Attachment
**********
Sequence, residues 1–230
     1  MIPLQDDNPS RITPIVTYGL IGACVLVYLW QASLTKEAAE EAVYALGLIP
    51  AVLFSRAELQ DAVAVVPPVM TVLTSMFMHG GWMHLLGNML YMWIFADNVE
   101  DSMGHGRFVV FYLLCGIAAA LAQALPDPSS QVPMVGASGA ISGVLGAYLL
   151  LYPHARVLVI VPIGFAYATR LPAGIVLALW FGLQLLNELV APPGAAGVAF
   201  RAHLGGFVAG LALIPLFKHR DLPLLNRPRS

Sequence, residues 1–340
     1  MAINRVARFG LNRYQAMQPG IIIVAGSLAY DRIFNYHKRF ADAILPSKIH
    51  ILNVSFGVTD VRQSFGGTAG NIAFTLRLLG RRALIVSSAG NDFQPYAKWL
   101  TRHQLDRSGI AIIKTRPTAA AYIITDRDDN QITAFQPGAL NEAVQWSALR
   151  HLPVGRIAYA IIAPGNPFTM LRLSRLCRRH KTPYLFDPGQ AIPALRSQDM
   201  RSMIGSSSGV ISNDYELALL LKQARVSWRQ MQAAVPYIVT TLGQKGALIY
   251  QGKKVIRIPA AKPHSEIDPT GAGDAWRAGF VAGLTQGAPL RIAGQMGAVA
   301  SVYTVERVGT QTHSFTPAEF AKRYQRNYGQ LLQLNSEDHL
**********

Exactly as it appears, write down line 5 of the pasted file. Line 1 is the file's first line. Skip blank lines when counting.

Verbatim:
   151  LYPHARVLVI VPIGFAYATR LPAGIVLALW FGLQLLNELV APPGAAGVAF